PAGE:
Adult woman suffering from hearing loss after having chemotherapy treatments discussing symptoms with her doctor.

Coping with cancer is terrible. As a result, patients receiving cancer treatment will in some cases feel compelled to dismiss cancer treatment side effects, like hearing loss, as insignificant. But it’s critical to keep in mind that, for a lot of cancer patients, there will be life after your disease. And you want that life to be as full and prosperous as possible.

Speaking with your healthcare team about managing and minimizing side effects is so essential for this reason. You’ll be able to enjoy life after cancer more completely, for instance, if you discuss potential balance and hearing problems that could arise post chemotherapy, with your care team.

Available cancer treatments

In the past couple of decades, considerable developments in cancer treatment have been accomplished. The development of certain cancers can even be prevented with vaccines. But, generally speaking, there are still three basic ways that doctors will fight this serious disease: surgery, radiation, and chemotherapy.

There are distinctive drawbacks and strengths to each of these, and sometimes, they’re used together. The best treatment course will be determined by your diagnosis, your prognosis, and your care team.

Do all cancer treatments cause hearing and balance problems? Usually, these side effects only accompany chemotherapy, but every patient is different.

What is chemotherapy?

Chemotherapy is a combination of treatments that utilize strong chemicals to kill cancer cells. Because of its very successful track record, chemotherapy is often the primary treatment choice for a wide range of cancers. But because these chemicals are so strong, chemotherapy can lead to some uncomfortable side effects. Those side effects can include:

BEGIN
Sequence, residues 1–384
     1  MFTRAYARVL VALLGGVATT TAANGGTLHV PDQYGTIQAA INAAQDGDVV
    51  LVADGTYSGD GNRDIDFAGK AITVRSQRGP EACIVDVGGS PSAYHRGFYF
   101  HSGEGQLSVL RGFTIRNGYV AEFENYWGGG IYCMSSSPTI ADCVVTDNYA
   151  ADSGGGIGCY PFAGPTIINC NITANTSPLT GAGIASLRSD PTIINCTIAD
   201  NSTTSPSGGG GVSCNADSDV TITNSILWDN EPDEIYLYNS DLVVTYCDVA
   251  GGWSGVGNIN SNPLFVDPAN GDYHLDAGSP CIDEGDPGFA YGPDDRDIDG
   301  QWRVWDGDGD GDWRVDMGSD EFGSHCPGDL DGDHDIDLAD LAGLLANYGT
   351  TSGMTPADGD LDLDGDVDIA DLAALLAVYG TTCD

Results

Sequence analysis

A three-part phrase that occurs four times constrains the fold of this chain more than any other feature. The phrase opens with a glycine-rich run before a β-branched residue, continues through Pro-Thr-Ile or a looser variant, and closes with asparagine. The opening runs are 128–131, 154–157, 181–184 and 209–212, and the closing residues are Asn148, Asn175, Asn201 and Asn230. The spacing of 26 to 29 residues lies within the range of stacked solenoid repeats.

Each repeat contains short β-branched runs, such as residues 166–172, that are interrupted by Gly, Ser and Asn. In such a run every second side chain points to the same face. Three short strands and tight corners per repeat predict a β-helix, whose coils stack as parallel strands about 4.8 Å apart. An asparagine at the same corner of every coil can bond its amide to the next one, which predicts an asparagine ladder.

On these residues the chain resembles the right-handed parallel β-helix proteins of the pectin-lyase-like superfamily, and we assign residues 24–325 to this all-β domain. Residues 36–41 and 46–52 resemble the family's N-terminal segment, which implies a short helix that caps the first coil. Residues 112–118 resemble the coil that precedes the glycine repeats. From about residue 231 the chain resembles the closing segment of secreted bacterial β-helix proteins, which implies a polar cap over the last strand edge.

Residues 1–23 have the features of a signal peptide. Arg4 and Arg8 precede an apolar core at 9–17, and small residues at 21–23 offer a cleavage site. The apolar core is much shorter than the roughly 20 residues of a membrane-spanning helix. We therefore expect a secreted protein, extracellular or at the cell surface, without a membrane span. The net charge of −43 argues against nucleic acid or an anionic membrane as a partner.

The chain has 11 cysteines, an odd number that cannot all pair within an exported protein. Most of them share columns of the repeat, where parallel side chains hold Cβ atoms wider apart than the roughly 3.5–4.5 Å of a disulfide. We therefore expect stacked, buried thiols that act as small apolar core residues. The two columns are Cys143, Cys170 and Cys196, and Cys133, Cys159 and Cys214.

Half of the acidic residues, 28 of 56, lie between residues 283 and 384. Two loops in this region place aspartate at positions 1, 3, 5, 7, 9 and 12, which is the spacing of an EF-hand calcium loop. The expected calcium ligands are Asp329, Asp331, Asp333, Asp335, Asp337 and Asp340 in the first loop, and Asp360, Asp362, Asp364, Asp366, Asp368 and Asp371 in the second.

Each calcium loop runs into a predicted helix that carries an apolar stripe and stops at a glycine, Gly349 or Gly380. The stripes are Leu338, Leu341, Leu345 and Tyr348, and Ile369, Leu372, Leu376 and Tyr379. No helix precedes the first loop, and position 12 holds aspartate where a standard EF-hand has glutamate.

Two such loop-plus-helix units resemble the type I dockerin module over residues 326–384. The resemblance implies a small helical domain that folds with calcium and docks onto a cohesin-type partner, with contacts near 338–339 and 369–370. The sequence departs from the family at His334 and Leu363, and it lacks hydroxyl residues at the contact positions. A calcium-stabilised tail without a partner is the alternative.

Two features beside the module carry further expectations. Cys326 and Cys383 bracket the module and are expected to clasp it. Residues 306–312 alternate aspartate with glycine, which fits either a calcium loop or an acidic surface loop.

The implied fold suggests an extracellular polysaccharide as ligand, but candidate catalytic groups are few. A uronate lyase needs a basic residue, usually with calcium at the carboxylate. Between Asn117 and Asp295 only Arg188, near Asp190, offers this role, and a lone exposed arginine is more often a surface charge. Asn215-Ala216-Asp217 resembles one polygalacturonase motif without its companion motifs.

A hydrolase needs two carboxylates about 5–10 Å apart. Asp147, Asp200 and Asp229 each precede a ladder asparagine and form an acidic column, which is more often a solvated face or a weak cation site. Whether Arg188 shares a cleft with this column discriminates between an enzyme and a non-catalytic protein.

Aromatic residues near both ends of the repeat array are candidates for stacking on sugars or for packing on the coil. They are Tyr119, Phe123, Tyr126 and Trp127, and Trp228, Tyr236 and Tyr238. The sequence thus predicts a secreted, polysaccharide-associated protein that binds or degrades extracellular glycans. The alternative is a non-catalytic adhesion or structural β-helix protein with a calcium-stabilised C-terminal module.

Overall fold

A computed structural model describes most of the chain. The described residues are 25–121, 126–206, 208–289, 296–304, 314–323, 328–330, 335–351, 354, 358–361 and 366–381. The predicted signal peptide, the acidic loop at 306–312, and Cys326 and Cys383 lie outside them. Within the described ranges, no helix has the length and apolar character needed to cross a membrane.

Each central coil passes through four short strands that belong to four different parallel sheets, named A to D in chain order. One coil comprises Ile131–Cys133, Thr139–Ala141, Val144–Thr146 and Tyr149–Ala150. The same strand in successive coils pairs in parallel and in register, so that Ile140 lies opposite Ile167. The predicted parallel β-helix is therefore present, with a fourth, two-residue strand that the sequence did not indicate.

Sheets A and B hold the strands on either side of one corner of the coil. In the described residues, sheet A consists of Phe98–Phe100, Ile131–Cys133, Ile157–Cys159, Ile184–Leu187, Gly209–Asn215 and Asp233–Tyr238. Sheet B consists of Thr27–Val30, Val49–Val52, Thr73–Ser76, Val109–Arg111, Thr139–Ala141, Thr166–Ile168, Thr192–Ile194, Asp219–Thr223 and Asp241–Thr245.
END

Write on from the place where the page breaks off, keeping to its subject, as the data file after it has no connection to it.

• Vomiting
  • Hair loss
  • Fatigue and tiredness
  • Nausea
  • Loss of hearing
  • Mouth sores

Side effects of chemotherapy tend to vary from person to person. Side effects may also vary depending on the particular combination of chemicals used. Some of these side effects are often pretty visible and well known (hair loss, for example). But that isn’t necessarily the case with chemotherapy-induced hearing loss.

Can hearing loss be caused by chemotherapy?

Loss of hearing isn’t one of the better known side effects of chemotherapy. But hearing loss can be a real side effect of chemotherapy. Is chemo-induced hearing loss irreversible? In many cases, yes.

So, what type of chemotherapy frequently comes with long-term hearing loss? Generally speaking, hearing loss tends to be most common with platinum-based chemical protocols (known as cisplatin-based chemotherapy). This type of therapy can be used on various kinds of cancers but is most frequently used to treat head, neck, and gynecological cancers.

Scientists aren’t exactly sure how the cause and effect works, but the general sense is that platinum-based chemotherapy chemicals are particularly skilled at causing harm to the delicate hairs in your ear. This can trigger hearing loss that is frequently irreversible.